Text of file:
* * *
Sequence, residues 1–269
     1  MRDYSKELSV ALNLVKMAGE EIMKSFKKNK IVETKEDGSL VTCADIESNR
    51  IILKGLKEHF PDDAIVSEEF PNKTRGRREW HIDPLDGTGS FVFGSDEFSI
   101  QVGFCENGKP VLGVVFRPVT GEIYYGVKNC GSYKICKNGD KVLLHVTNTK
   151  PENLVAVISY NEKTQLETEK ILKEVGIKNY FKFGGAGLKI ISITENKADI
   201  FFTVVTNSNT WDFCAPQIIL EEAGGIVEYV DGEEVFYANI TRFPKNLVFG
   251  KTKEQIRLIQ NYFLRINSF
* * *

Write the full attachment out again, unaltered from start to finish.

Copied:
Sequence, residues 1–269
     1  MRDYSKELSV ALNLVKMAGE EIMKSFKKNK IVETKEDGSL VTCADIESNR
    51  IILKGLKEHF PDDAIVSEEF PNKTRGRREW HIDPLDGTGS FVFGSDEFSI
   101  QVGFCENGKP VLGVVFRPVT GEIYYGVKNC GSYKICKNGD KVLLHVTNTK
   151  PENLVAVISY NEKTQLETEK ILKEVGIKNY FKFGGAGLKI ISITENKADI
   201  FFTVVTNSNT WDFCAPQIIL EEAGGIVEYV DGEEVFYANI TRFPKNLVFG
   251  KTKEQIRLIQ NYFLRINSF